The Mudcat Café TM
Thread #8009   Message #4032678
Posted By: Joe Offer
06-Feb-20 - 11:10 PM
Thread Name: 'Wild Goose Shanty (Ranzo)' background
Subject: RE: 'Wild Goose Shanty (Ranzo)' background
Hi, Wm. I went to Mackenzie, intending to post the full lyrics from his book. But what you posted, is all there is. Here are his notes. At least I can add that. The book groaned as I put it in the scanner. It will never be the same.

This is to be regarded as a halliard shanty, although it apparently served ar times for the men who were heaving at the capstan bars. Terry lists it as a windlass and capstan shanty. It is of all shanties the most conspicuous for variability, and the investigator must be guided chiefly by the swing and metre of the lines and refrains and by the appearance of “Ranzo” in one or both of the refrains. Sometimes the “wild goose” figures in the first line; but while this is to be sought for, it is by no means always to be found. Bullen and Arnold (Songs of Sea Labour, p. 18) print a version under a title which is also the first line of the song, “Oh, what did you give for your fine leg of murron? Terry (Sailor Shanties, First Selection, pp. 4-5, and The Shanty Book, pp. 26—27) entitles it “The Wild Goose Shanty,” and his version begins, "I'm the shantyman of the wild goose nation.” Davis and Tozer ("Sailors' Songs" pp. 50—51) give it the generic title “The Chanty-Man’s Song” and present a version which begins with “I’m Chanty-man of the working party.” These strangely differentiated versions are all English, and the song seems been in use on British ships much more than on American ones. Two versions, however, have been printed in the United States: one by Captain John Robinson (The Bellman, July 14, 1917) with the title “Ranzo Ray” and beginning “We’ve passed the cliffs of Dover in the good old ship the Rover,” and one by Colcord, (p. 23) entitled “Huckleberry Hunting” and starting off with "Oh, the boys and the girls went a-huckleberry hunting.”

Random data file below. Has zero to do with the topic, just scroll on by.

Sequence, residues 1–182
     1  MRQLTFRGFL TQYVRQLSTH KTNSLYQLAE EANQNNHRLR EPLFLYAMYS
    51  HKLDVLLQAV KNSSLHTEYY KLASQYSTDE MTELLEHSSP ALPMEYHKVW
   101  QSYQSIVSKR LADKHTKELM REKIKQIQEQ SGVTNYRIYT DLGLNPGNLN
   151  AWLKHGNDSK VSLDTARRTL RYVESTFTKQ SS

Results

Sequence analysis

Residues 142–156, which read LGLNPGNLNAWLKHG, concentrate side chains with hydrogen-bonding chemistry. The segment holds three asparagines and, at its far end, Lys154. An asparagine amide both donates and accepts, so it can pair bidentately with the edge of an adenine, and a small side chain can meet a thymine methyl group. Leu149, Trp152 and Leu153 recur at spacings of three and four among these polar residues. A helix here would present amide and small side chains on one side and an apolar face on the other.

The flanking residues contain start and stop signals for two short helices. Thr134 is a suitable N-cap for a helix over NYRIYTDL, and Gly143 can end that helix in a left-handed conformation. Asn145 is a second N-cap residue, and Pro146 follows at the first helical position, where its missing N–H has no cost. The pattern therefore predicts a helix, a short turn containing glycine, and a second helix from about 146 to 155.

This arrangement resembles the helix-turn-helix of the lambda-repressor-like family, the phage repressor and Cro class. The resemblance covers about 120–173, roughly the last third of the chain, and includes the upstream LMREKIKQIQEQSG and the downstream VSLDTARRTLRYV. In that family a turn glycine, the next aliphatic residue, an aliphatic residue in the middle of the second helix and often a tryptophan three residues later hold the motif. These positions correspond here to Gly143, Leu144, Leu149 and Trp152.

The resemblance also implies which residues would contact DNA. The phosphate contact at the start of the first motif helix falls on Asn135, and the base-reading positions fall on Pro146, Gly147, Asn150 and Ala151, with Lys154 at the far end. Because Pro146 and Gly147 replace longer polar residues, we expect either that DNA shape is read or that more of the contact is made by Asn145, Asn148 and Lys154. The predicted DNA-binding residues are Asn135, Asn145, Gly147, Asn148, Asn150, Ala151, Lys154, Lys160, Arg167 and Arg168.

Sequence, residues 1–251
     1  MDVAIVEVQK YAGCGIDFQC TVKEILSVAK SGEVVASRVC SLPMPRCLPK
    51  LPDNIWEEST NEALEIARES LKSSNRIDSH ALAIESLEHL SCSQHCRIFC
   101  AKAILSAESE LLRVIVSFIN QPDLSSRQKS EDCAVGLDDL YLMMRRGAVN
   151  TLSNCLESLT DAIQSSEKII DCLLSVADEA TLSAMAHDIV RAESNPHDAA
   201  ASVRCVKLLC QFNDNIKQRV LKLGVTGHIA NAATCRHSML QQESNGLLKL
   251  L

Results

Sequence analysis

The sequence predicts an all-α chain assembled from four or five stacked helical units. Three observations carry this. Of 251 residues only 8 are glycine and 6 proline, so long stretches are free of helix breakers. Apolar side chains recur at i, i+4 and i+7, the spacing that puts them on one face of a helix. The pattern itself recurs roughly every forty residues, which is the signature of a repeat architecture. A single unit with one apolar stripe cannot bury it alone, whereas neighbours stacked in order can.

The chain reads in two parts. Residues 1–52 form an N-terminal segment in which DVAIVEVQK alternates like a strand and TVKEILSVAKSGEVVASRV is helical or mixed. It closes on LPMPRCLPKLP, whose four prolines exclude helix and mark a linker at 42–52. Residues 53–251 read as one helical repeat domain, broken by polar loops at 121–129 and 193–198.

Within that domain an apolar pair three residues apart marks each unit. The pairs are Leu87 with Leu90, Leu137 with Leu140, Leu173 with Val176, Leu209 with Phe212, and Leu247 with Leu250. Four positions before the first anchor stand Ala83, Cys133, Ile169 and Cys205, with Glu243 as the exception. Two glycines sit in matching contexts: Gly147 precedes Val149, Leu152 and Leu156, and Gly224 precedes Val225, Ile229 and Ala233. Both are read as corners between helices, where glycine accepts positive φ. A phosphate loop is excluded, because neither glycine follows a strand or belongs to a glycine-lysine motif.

The brief version which follows I secured from Ephraim Tattrie of
Tatamagouche, Colchester County. The air is a particularly fine one, of the type which in the eighteenth century was characterized as “wild and melancholy":